Subway poster
Year of the Dragon (2023) © Taili Wu. Commissioned by MTA Arts & Design.

Marcel Dzama’s art cards, The underground helps the garden 1 and 2, depict whimsical scenes of nature within subways cars. In Dzama’s art, people and animals coexist in urban places, emphasizing the harmony between city life and the natural environment. NYC Superhero by Yevgenia Nayberg portrays a cape-clad superhero flying over the city. This figure serves to empower commuters on their daily journeys. Talili Wu’s Year of the Dragon is a ceramic-crafted subway-themed dragon with references to New York City landmarks adorning its body to represent growth and energy.

Turtle Island Connections (2023) © Dennis RedMoon Darkeem. Commissioned by MTA Arts & Design
Subway Poster
Catch a Line (2023) © Erin K. Robinson. Commissioned by MTA Arts & Design

Dennis RedMoon Darkeem blends indigenous culture and inspiration from old maps in his poster, Direct Connection on Turtle Island. Darkeem depicts a colorful version of the New York City skyline sitting on the shell of a turtle as the sun rises in the background. The entire scene is bordered by a wampum, a traditional indigenous bead. Catch a Line by Erin Robinson celebrates subway travel and the graphic design of New York City subway maps through a vibrant collage of subway lines and symbols.

6. The 2024 Affordable Art Fair

Two men admire a black and white abstract painting
Credit to Phillip Reed Photography

The 35th Affordable Art Fair kicks off on March 20th with 75 galleries! The fair features artists from nonprofit organizations such as The Art Therapy Project, Arts Gowanus, and Artbean Coffee. On view through March 24, the Fair offers thousands of contemporary artworks from local, national, and international galleries at attainable prices ranging from $100 to $12,000.

Arts Gowanus will exhibit collections by two featured artists, Liza Domingues and Hannah Robinett. Brazilian-based artist Domingues experiments with colorful geometric shapes in paper cache, acrylic wood, and 3D printing. Robinett presents her series, Order & Chaos, which displays pieces of past projects that were unfinished. The remnants are imperfect but show that there is beauty in flaws. The Art Therapy Project welcomes patrons to design their own petals and add them to the Collective Bloom as a form of collective art therapy. The project also offers a live painting by Belgian artist Jules Wittock. Wittock will paint a new piece, Play, at the Activation Stand during fair hours on Saturday and Sunday. The canvas will be put up for auction online on April 18th. Curated by independent coffee shop Artbean Coffee, Taiwan artists Emily B. Yang and Joy Tien will present their artworks. While Yang’s ceramic works relate to love and grief, Tien explores life and the afterlife in her punch needle installation. Finally, the Art Fair’s Artlogic Fellowship Program is proud to present Brooklyn-based gallery SHEER, Eleventh Hour Art and Established Gallery.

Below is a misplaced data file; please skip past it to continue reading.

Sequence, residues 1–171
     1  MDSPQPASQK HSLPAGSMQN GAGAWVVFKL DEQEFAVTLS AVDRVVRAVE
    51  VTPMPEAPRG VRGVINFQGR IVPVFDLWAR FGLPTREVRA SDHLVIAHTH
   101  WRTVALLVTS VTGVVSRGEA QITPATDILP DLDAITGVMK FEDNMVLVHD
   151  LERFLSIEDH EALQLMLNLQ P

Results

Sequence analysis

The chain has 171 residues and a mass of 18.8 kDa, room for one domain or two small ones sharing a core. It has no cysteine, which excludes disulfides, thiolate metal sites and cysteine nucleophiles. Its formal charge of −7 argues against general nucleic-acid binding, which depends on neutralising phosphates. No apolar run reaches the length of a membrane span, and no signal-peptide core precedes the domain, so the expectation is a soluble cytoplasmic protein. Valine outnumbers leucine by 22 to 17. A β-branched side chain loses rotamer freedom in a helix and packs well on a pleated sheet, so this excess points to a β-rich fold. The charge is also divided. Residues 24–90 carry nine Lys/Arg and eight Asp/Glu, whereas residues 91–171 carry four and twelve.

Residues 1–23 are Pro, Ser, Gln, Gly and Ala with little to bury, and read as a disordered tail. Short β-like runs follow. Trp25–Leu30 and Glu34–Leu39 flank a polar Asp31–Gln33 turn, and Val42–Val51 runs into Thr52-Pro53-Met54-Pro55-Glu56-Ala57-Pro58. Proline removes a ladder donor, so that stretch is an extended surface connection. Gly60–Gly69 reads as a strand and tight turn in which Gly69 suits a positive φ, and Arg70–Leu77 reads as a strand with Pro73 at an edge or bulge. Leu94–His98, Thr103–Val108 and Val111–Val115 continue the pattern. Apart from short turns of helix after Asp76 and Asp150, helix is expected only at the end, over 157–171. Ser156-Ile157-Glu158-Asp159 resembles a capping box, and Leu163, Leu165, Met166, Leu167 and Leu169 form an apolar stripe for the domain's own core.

7. Midnight Moment in Times Square

Wave painting
Quayola, Storms. Photo courtesy of Times Square Arts.

A stormy sea will take over Times Square this March as images of frothy, crashing waves fill the giant billboard screens. Presented in collaboration with Artnet, the Times Square Arts Spring Midnight Moment series kicks off with London-based artist Quayola’s digital video series, Storms. Storms is a digitally rendered version of the ocean, with realistic waves that collide on a stormy night. Known for her immersive audiovisual installations, Quayola captures the crashing waves of Cornwall, England’s sea, to show the challenging relationship between nature and technology. Storms will be on view from March 1 to March 31.

8. Woomin Kim’s The Warehouse at Materials for the Arts

Quilted art piece
Credit to Woomin Kim

Love arts and crafts? Materials for the Arts textile artist Woomin Kim plays with an assortment of materials and quilts to make The Warehouse, a series of textile works inspired by the MFTA’s expansive inventory of art supplies. In her solo exhibition, Kim examines themes of immigrant life through landscapes filled with a clutter of objects like discarded mannequin pieces, clothes, furniture, and a whimsical horse. The quilts hang together in colorful pieces. Kim’s work shows visitors what can be created with the materials and found objects at MFTA and how you can give the formerly discarded items a new home. The installation will be on view until April 12.

9. Reimagine: Himalayan Art Now at The Rubin Museum

Himalayan sculpture
Courtesy of Shushank Shrestha

The Rubin Museum of Art will close its physical museum this fall, so don’t miss out on the new exhibit Reimagine: Himalayan Art Now! Reimagine features 32 contemporary artists from across the globe and a collection of artworks that explore diverse perspectives of heritage, culture, and identity. The exhibition marks the museum’s 20th anniversary year and will be on view from March 15th to October 6th, 2024.

A centerpiece of the exhibition is a large-scale installation by Asha Kama Wangdi. The site-specific piece is made of hundreds of repurposed prayer flags from religious sites. Wangdi’s installation will cascade down the museum’s spiral staircase. Bidhata K C’s interactive piece Out of Emptiness highlights connections between discarded objects and broader themes of life. LuYang explores Buddhism through a 3D animation of the Wheel of Life. Prithvi Shrestha’s paintings make a commentary on technological effects. Roshan Pradhan’s piece uses robots to explore the topic of gender. Tenzin Mingyur Paldron’s Power, Masculinity and Mindfulness also highlights gender fluidity as an outlet of their own experience of coming out as transgender. Uma Bista’s photo series Stay Home, Sisters showcases cultural taboos surrounding women.

Next, check out Untapped New York’s Underground Subway Art Tour